|Many gardeners view shade as a challenging situation for
growing plants. While some plants do not grow well in low light,
numerous others thrive under these conditions. Just as moisture,
temperature, and soil conditions may limit plant growth, the amount of
shade present may determine which plants will grow successfully. The
key is to discover which ones are adapted to the conditions in your
yard or garden. |
Landscapes change their degree of shade over time. As trees and
shrubs mature, the landscape receives greater shade. What was once a
sunny garden may evolve into a shady one. Analyze the degree of shade
in your garden periodically to determine if changes in plant materials
may be needed due to increased shade from a maturing landscape. In
addition to low light levels, plants growing in the shade must compete
with shading trees for nutrients and water, as well as tolerate poor
Lack of light:
The best way to cope with low light levels is to choose plants
that do well in less light. Plants that tolerate low light levels often
will grow more vigorously in brighter areas, provided they receive
Light shade may be described as an area that is shaded but
bright. It may be completely shaded for only several hours each day.
The sun's rays may be blocked by a wall or building for several hours
at midday, but the area is sunny the rest of the day. Light shade may
also be found in areas that receive filtered or dappled sunlight for
longer periods. Edges of shady gardens or areas under the canopy of
solitary, lightly branched trees are typical of filtered sunlight.
During the heat of summer, light shade at midday will provide a
beneficial cooling effect. Flower and foliage color may be more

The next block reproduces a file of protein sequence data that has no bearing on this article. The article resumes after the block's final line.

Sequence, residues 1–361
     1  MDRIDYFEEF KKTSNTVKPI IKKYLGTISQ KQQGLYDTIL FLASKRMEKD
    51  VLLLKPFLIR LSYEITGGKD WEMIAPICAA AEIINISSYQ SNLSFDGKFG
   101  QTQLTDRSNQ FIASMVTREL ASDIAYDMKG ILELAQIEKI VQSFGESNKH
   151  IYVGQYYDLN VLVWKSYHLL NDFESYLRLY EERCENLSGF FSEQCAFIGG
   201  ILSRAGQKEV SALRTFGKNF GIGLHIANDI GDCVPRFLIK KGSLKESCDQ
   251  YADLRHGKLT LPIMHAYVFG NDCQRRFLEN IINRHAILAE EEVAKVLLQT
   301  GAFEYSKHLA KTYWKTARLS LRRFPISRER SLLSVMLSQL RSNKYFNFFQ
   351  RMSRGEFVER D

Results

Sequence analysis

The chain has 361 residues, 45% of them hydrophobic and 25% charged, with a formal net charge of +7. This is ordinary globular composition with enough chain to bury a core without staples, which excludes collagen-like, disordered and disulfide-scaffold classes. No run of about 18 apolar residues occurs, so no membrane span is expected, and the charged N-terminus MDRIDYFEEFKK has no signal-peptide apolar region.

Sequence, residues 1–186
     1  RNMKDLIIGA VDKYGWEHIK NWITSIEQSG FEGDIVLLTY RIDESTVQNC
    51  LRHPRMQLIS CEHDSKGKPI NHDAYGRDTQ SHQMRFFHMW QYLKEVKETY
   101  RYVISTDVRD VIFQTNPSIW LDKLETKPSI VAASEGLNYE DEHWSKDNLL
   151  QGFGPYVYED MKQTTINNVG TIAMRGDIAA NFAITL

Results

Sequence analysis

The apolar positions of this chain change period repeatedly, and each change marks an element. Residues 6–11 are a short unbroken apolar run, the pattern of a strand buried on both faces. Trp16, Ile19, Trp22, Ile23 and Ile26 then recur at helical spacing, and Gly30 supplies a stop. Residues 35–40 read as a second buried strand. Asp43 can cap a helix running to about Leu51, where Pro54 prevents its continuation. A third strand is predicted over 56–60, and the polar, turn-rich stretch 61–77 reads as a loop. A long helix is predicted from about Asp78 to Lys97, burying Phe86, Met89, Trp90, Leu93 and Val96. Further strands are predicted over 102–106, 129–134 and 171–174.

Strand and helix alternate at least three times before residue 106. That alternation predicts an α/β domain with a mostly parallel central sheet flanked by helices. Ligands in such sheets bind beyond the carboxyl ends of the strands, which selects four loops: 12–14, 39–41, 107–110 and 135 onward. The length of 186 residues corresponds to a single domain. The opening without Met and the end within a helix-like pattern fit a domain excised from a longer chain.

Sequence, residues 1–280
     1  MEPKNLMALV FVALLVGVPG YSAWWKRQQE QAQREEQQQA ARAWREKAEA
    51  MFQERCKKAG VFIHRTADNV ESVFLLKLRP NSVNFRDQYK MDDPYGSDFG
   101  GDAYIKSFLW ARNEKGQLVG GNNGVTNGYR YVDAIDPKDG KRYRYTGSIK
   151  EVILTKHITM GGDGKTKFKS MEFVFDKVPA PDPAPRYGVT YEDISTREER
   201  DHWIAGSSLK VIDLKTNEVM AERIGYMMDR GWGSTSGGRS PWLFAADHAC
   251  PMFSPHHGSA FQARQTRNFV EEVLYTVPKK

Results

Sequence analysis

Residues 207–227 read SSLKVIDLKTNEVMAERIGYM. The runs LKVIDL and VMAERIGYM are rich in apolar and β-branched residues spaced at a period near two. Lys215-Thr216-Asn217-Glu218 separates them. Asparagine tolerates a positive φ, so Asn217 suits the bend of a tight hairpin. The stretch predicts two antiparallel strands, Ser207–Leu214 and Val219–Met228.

brilliant when plants are shielded from intense midday sunlight.
Partial or medium shade is present when direct sun rays are
blocked from an area for most of the day. Many established landscapes
have large areas of partial shade, where sections of the yard are
shaded by mature trees for much of the day but receive some direct sun
early or late in the day. Bright, north-facing exposures may also be
classified as medium shade.
Full shade lasts all day. Little or no direct sunlight reaches
the ground at any time of the day. There may be reflected light from
sunnier areas of the yard or off light-colored walls. Dense shade
refers to full shade under thick tree canopies or in dense groves of
trees. Areas under stairways, decks or covered patios on the north side
of the house receive full shade.
Keep in mind that light patterns change with the seasons. An
area that is in full sun in summer when the sun is high in the sky may
have medium shade in spring and fall, when the sun is at a lower angle.
Study your garden through the seasons to accurately determine what type
of shade is present.
Available sunlight may be increased by selective pruning.
Removal of lower limbs on large trees may increase light levels
significantly. Large shade trees are valuable resources which in most
cases should be preserved. However, removal of diseased, unattractive
or poorly placed trees improves the beauty of your property and
increases the light available for plant growth.
Take advantage of reflected light, if possible. White or
light-colored surfaces reflect more light than dark-colored ones.
Light-colored house siding or fences may increase available light to
Plants growing in the shade often must also compete with roots